Open source religions attempt to employ open source methodologies in the creation of religious belief systems. As such, their systems of beliefs are created through a continuous process of refinement and dialogue among the believers themselves. In comparison to traditional religions - which are considered authoritarian, hierarchical, and change-resistant - they emphasize participation, self-determination, decentralization, and evolution. Followers see themselves as part of a more generalized open source movement, which does not limit itself to open source software, but applies the same principles to other organized, group efforts to create human artifacts ("Divine Inspiration From the Masses" by Charles Piller, July 23, 2006, Los Angeles Times[1]).

Among the first examples of this movement, Yoans (followers of a religion called Yoism, founded 1994) claim that their version of open source religion does not have allegiance to any spiritual guide, rather the sense of authority emerges from the group via consensus ("Taking 'yo' off the street and into church" by Matt Gunderson, January 11, 2004, Boston Globe[2]).

Another early example, in 2001, Douglas Rushkoff organized the first Reboot summit that took place in 2002.[3] "The object of the game, for me, was to recontextualize Judaism as an entirely Open Source proposition."[4] The publication of Rushkoff's book, Nothing Sacred: The Truth about Judaism in 2003 spawned the creation of the Open Source Judaism movement. Open Source Judaism, in turn, has spawned other open source projects, such as the Open Source Haggadah.[5]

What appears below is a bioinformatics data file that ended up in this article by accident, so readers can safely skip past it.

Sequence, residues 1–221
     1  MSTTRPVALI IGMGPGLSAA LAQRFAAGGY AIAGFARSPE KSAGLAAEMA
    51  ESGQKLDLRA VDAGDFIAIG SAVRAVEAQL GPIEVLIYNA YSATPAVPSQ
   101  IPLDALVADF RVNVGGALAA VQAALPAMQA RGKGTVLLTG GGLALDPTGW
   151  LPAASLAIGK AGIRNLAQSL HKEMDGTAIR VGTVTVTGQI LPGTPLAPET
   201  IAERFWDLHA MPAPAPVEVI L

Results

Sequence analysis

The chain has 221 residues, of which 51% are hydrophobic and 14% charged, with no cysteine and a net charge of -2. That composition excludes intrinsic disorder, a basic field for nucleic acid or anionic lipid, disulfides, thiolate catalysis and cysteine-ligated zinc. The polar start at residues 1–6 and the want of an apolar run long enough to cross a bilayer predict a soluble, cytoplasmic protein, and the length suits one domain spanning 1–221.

By 2005, a number of other attempts to form open source religions began to take form, for example, The Open Source Order of the Golden Dawn[6] and Ecclesia Gnostica Universalis.[7]

Another example is the Redefine God[8] group (coined Redefinists), an online social network for "Open Source Religion." Redefine God makes use of the concept of personal mythology as a means to design one's religion, thus utilizing Open Source Religion or Religion 2.0.

In spring 2007, Assignment Zero reported that 'for six weeks, 40 brave volunteers from across the U.S. met in a special online forum on "Open Source Religion" to talk about their deepest beliefs'[9] (and the text of the article is itself open-source).

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